Prenatal exposure to perfluorooctanesulfonate (PFOS) increases fetus’ metabolic risk; however, the investigation of the underlying mechanism is limited. In this study, pregnant mice in the gestational days (GD, 4.5–17.5) were exposed to PFOS (0.3 and 3 μg/g of body weight). At GD 17.5, PFOS perturbed maternal lipid metabolism and upregulated metabolism-regulating hepatokines (Angptl4, Angptl8, and Selenop). Mass-spectrometry imaging and whole-genome bisulfite sequencing revealed, respectively, selective PFOS localization and deregulation of gene methylation in fetal livers, involved in inflammation, glucose, and fatty acid metabolism. PCR and Western blot analysis of lipid-laden fetal livers showed activation of AMPK signaling, accompanied by significant increases in the expression of glucose transporters (Glut2/4), hexose-phosphate sensors (Retsat and ChREBP), and the key glycolytic enzyme, pyruvate kinase (Pk) for glucose catabolism. Additionally, PFOS modulated the expression levels of PPARα and PPARγ downstream target genes, which simultaneously stimulated fatty acid oxidation (Cyp4a14, Acot, and Acox) and lipogenesis (Srebp1c, Acaca, and Fasn). Using human normal hepatocyte (MIHA) cells, the underlying mechanism of PFOS-elicited nuclear translocation of ChREBP, associated with a fatty acid synthesizing pathway, was revealed. Our finding implies that in utero PFOS exposure altered the epigenetic landscape associated with dysregulation of fetal liver metabolism, predisposing postnatal susceptibility to metabolic challenges.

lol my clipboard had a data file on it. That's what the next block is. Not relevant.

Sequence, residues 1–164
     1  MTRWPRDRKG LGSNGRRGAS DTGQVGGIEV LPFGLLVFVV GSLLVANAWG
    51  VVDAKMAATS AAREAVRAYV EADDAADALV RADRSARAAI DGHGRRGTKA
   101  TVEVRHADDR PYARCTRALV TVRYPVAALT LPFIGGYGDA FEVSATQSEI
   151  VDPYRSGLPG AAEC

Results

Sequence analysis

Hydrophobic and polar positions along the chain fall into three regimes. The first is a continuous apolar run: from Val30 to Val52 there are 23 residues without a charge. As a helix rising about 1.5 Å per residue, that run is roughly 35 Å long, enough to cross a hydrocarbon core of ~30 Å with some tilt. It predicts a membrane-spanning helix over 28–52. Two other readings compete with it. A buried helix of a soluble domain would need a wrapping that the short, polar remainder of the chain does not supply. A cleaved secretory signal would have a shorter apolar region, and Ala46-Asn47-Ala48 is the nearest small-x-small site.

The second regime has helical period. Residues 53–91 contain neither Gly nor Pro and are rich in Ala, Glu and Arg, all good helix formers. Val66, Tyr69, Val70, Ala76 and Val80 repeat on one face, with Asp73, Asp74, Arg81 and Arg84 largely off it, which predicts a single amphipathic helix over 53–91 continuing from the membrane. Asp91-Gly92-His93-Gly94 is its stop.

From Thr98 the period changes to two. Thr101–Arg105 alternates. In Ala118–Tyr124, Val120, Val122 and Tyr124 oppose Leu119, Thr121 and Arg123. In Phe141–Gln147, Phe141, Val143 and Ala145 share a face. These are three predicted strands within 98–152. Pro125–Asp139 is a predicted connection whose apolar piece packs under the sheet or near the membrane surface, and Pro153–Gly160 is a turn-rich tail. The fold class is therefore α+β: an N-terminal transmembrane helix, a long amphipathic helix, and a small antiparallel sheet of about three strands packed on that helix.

Scopus Subject Areas
- Environmental Chemistry
- whole-genome bisulfite sequencing